Converting an integer to a string in PHP

Nadia S.

The Problem

How do I convert an integer to a string in PHP?

The Solution

You can convert an integer to a string by concatenating it to a string. In this example, we concatenate the $myInteger to an empty string:

$myInteger = 42; $myString = "" . $myInteger; echo gettype($myString); // check the data type



This approach works because PHP allows type coercion, which means that PHP handles the conversion for you when the two different data types are concatenated. It is also the fastest way to convert an integer to a string in PHP.

Alternative ways to convert an integer to a string in PHP

If you specifically need to use typecasting or a function (for example, because you depend on type hints or you need to pass the conversion method as part of a callback function) then you can use (string)$myInteger or strval($myInteger).

Here is an example using casting:

$myInteger = 42; $myString = (string)$myInteger; echo gettype($myString); // check the data type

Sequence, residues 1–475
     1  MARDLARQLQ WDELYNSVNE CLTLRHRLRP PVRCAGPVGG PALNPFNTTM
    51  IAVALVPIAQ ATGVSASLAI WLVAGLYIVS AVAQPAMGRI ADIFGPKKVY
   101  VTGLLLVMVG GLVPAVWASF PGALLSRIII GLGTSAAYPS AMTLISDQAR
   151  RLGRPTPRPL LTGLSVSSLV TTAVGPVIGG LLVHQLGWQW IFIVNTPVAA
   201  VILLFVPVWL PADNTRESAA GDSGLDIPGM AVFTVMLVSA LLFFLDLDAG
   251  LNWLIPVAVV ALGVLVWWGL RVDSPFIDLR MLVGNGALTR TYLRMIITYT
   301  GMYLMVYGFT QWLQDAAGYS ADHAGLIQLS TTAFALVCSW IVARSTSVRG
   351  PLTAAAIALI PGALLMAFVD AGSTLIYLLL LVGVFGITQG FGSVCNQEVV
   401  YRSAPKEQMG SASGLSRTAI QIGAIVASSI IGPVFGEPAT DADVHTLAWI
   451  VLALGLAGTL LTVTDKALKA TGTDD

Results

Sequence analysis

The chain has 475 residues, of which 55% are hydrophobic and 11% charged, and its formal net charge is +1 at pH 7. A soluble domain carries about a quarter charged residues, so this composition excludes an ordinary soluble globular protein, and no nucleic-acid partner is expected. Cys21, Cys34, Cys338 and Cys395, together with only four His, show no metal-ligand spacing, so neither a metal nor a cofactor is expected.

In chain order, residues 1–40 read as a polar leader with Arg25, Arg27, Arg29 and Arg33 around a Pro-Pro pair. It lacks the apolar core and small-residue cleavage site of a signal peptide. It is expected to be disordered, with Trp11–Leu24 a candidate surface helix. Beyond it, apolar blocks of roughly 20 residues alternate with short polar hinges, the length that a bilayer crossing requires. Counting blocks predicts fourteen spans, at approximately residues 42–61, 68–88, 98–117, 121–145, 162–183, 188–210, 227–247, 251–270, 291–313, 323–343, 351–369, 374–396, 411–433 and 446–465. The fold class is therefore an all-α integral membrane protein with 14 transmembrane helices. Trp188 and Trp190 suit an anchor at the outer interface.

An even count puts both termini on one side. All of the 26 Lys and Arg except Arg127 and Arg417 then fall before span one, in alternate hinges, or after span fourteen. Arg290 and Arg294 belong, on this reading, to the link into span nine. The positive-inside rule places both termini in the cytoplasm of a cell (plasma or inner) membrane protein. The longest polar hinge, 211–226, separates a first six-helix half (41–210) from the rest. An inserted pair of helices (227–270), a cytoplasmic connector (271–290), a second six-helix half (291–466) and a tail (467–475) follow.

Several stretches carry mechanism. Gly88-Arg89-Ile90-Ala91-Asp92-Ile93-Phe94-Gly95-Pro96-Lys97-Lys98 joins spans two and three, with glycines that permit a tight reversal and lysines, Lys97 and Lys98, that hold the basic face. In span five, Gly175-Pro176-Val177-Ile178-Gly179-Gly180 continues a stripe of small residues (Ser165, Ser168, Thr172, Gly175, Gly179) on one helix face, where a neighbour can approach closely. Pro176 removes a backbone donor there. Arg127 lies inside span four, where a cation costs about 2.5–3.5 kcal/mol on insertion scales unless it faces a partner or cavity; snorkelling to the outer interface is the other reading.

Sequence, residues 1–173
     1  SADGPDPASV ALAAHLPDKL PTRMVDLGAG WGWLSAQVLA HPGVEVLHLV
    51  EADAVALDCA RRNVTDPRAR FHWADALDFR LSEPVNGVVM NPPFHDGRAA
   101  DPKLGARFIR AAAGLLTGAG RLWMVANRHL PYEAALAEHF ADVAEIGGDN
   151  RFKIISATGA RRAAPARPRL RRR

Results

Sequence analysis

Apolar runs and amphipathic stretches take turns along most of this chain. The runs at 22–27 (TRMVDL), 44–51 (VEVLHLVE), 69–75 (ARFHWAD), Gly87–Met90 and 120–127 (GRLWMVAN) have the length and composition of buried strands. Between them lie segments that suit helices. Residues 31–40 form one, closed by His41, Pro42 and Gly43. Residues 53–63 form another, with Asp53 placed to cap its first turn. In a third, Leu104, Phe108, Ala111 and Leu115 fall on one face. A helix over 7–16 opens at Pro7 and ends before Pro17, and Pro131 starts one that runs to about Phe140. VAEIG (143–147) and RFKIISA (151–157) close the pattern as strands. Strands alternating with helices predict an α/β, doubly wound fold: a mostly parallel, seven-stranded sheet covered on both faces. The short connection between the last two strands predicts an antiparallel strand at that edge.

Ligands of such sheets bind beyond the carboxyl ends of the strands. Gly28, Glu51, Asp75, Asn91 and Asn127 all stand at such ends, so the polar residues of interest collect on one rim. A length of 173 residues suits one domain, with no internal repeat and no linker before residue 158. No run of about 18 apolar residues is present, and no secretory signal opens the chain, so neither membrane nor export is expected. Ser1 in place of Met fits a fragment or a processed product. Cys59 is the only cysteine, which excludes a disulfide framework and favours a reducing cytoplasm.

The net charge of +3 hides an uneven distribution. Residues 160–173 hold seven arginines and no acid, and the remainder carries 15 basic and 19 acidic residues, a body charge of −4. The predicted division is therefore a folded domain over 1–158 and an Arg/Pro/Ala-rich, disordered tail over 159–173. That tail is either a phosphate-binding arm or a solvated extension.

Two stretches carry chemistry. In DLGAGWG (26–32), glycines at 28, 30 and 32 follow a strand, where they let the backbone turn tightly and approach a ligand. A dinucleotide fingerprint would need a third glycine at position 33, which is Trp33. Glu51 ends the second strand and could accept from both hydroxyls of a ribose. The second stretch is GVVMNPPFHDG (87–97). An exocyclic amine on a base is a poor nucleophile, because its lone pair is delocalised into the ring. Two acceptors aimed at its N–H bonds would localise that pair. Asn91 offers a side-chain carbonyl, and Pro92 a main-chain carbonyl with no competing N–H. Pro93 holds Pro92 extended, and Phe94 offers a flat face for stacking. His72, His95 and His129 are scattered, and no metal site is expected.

Here is an example using the strval function:

$myInteger = 42; $myString = strval($myInteger); echo gettype($myString); // check the data type



Formatting integers as strings

If you need to format your integer in a specific way, you can do this using the sprintf or number_format functions.

Here is an example using sprintf, which outputs our large number in scientific notation with two decimal points:

$myInteger = 9223372036854775807; $myString = sprintf("%.2e", $myInteger); echo($myString);



Here is an example using number_format, which lets us specify custom characters for both the decimal point and a thousands separator to make large numbers easier to read:

$myInteger = 9223372036854775807; echo number_format($myInteger, 2, '.', ",") . "\n";

Potential pitfalls with converting integers to strings in PHP

Note that for very large or very small numbers, PHP will automatically switch to using a double type instead of using integer. This can lead to some unexpected behavior when casting to string.

$myInteger = 9223372036854775807; echo gettype($myInteger) . "\n"; echo $myInteger . "\n"; echo number_format($myInteger, 2, '.', ",") . "\n"; echo "\n"; $myLargeInteger = 922337203685477580799999; echo gettype($myLargeInteger) . "\n"; echo $myLargeInteger . "\n"; echo number_format($myLargeInteger, 2, '.', ",") . "\n";


integer 9223372036854775807 9,223,372,036,854,775,808.00 double 9.2233720368548E+23 922,337,203,685,477,580,800,000.00

Note how PHP uses a double type for the second number, as it is too large for a standard integer, and rounds the value. In both the outputs, using echo or number_format, the number is converted into a string, and in each case it is rounded so that we lose some precision in the final digits.

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